He felt his nostrils itch, and something flow down them. He rubbed his nose against his upper arm and examined his shirt. It showed a blotch of red. Things inside must have been wrapping up, then.
He pushed open the door and dragged himself in where the girl was lying on her side, her face hidden by her loosened hair, her limbs limp on the concrete. Beside her was a yellow book opened to the last page, and just as he took a step closer the back cover rose and closed around it. Another book had been written; another addition to his collection. Not a very big one because she was just a child, but big for her age, he thought, twisting his head around to look at the thickness of the book.
He kicked her in the ribs, just to make sure. Not a squeak came. Continuing to bob his head to the tune, he knelt down and took the corpse onto his shoulder. Yes, my dear, he thought, if you want to be in a book, if you want to live forever, it will ask you for your soul. Did I not mention that?
He giggled, then burst into laughter. He did not know how long he laughed for, but by the time he was finished the phonograph was quiet. All he heard now was the sound of rain. And the sound of his nose-blood gushing out every time he snorted. He cleaned his greasy hands with her skirt.
At the door he stopped. He turned with a grunt, balancing himself with the crowbar in one hand, and looked at the book – new, shiny, inviting. Oh, for anything to just sit down and read that book right now. To hell with this girl. He almost threw her off his back, but just then his eyes flickered. Tonight her mother would come asking for her. He would have to have his story ready. Yes, the book would be there. The corpse had to be taken care of. For a minute he silently cursed the book for taking just souls and leaving the bodies behind. Such inconvenient, meddlesome things, bodies. Then his eyes went to the new book and he softened. A warm glow washed over him, and he smiled.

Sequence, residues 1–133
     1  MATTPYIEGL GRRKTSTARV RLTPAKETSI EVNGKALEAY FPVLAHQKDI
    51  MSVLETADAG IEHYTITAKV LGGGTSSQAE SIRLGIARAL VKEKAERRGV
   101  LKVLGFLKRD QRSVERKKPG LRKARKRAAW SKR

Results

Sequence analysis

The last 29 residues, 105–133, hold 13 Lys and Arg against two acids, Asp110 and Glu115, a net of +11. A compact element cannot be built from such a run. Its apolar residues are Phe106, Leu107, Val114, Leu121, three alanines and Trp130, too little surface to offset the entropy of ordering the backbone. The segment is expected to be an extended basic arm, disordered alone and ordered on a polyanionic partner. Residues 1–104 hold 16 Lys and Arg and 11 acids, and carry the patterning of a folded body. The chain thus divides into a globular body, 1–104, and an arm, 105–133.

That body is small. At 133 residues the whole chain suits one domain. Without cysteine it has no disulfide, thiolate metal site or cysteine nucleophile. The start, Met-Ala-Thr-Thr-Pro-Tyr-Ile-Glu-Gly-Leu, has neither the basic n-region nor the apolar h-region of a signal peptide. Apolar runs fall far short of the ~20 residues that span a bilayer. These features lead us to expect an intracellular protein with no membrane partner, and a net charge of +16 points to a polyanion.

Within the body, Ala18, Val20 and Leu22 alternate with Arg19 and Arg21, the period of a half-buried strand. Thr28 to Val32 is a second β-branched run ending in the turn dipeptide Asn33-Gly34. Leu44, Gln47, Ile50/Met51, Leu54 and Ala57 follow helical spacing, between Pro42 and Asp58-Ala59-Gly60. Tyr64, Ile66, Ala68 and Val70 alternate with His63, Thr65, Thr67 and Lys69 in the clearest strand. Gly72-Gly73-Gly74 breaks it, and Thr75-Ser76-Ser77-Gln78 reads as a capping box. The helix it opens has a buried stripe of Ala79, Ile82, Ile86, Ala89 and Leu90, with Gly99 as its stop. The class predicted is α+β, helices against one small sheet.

‘I will come back for you, baby,’ he said.
* * *
The next morning at 6:30 A.M., Lachi the washerwoman, while untying her bundle of clothes by her stone on the bank of the Godavari, saw the swaying body of a ten-year-old girl a few feet upstream. She was dressed in her soaked school uniform, her face was hidden under water, and her hair spread out like tentacles, dancing. Her left arm seemed to be buried inside the soil, which kept her anchored against the current. Lachi pulled her sari up to her knees and waded into the water, and upon turning her over, she recognized who it was.
Her friends said they saw her at the school gate. Her father said he could not pick her up because he had to stay back in the field. Satyam said he saw her go in the direction of the big neem tree. Subbai said he was not at the neem tree that evening because none of the card-players were in the village. Javed Bhai said he had come out of the library once to see her skip along past the neem tree in the direction of the river. He said he had beckoned to her to come in but she had waved to him and run along.
No one else had seen her. But that was enough to guess what had happened. Sahitya had gone to the river in the evening. It had rained. And the riverbank was slippery on such nights, and the current was strong – sometimes too strong even for trained swimmers, let alone a ten-year-old girl.
The Godavari had claimed her. That was the only possible explanation.